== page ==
Goodenough Materials Innovation Lecture Series: Harry Atwater

Friday, September 4, 2020
2:00 pm - 3:00 pm


Harry Atwater

harry atwater

New Directions for Energy from Sunlight
The recent rapid, global growth of solar photovoltaics has moved the science frontier for solar energy towards new opportunities including high efficiency tandem photovoltaics and direct synthesis of energy-dense chemical fuels from sunlight, including hydrogen and products from reduction of carbon dioxide. A current science challenge shared by photovoltaics and solar fuels researchers is design of materials for light harvesting in tandem heterostructures. Solar fuels generators are electrochemical systems with the additional science challenges of achieving high energy efficiency, catalytic selectivity, and long-term component durability. Recently design of photoelectrochemical systems with semiconductors coupled to water oxidation and reduction catalysts have enabled solar-to-hydrogen generation with >19% efficiency.  Solar-driven reduction of carbon dioxide to valuable products such as liquid fuels presents a particular challenge in the selective generation of useful multi-carbon products, spurring new directions for selective and durable photocatalytic materials for artificial photosynthesis.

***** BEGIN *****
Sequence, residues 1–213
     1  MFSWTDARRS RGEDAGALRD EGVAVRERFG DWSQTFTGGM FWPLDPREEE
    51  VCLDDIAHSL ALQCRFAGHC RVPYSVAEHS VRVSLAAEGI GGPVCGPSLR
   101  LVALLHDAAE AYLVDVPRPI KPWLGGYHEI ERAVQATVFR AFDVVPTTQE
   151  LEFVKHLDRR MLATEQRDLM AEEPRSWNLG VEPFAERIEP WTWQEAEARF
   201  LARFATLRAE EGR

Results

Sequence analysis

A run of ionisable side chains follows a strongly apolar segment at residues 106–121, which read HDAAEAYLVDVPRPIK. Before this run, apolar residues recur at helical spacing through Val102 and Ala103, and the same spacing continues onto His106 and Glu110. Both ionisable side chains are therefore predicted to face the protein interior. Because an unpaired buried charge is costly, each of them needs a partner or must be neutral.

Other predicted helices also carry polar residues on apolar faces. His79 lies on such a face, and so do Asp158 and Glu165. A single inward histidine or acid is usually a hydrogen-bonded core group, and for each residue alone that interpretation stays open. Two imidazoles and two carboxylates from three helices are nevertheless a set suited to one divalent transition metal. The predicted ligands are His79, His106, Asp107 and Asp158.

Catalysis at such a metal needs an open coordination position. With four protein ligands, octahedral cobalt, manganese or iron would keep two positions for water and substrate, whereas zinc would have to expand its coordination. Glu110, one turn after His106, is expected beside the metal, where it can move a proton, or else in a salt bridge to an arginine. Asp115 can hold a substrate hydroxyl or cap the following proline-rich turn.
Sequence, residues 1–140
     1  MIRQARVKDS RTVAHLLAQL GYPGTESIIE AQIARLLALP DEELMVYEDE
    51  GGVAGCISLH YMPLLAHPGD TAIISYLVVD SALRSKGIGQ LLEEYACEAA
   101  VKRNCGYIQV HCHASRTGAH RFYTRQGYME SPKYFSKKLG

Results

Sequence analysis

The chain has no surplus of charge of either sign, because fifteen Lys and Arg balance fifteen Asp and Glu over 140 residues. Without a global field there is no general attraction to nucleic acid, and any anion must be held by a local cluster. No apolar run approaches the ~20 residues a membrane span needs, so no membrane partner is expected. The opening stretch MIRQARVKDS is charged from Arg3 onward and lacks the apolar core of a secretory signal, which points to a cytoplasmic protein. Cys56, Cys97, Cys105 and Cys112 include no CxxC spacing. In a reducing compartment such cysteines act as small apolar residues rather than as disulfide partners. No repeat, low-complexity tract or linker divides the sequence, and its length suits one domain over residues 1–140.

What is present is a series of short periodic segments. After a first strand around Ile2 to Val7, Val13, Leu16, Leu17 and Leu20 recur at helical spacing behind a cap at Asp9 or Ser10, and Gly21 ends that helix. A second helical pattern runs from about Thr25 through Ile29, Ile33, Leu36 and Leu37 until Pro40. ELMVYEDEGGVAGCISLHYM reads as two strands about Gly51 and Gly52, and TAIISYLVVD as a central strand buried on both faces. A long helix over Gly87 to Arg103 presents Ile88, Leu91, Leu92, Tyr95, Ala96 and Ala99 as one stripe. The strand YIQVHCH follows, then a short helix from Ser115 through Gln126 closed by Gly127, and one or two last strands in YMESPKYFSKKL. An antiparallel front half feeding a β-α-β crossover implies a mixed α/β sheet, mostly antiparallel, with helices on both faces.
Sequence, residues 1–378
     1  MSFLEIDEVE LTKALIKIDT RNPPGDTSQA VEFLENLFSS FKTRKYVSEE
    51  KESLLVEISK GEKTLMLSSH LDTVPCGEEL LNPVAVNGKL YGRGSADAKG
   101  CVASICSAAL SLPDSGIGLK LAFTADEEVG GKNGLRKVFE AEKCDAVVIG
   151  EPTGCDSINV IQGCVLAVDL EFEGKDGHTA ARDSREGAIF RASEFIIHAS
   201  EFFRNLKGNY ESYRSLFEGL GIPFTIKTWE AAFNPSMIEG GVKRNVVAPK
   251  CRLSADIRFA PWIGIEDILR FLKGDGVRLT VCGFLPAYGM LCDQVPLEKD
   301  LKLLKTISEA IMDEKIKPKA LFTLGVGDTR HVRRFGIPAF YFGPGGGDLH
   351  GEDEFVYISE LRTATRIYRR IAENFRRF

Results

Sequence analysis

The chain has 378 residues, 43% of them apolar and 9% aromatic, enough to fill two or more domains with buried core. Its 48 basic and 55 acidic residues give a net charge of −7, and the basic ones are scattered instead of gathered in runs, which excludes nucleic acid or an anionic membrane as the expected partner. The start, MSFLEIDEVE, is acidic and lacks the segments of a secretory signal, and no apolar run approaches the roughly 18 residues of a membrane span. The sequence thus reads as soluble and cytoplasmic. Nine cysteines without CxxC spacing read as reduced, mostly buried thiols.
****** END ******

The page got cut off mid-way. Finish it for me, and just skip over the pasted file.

About Dr. Atwater
Harry Atwater is the Howard Hughes Professor of Applied Physics and Materials Science at the California Institute of Technology. Currently he is the Director for the Liquid Sunlight Alliance (LiSA), a Department of Energy Hub program for solar fuels.  Atwater’s scientific effort focuses on nanophotonic light-matter interactions and solar energy conversion.  His current research in solar energy centers on high efficiency photovoltaics and photoelectrochemical processes for generation of solar fuels, and his research has resulted in world records for solar photovoltaic conversion and photoelectrochemical water splitting. His work also spans fundamental nanophotonic phenomena, in plasmonics and 2D materials, and also applications including active metasurfaces and optical propulsion. 


From 2014-2020, Atwater served as Director of the Joint Center for Artificial Photosynthesis (JCAP), the DOE Energy Innovation Hub for solar fuels.   He is also founder of 5 early-stage companies, including Alta Devices, which set world records for photovoltaic cell and module efficiency. Atwater was an early pioneer in nanophotonics and plasmonics; he gave the name to the field of plasmonics in 2001.  Atwater is a Member of US National Academy of Engineering, and a Web of Science Highly Cited Researcher.  He is also a Fellow of the SPIE as well as APS, MRS, and the National Academy of Inventors. He is also the founding Editor in Chief of the journal ACS Photonics, and Chair of the LightSail Committee for the Breakthrough Starshot program.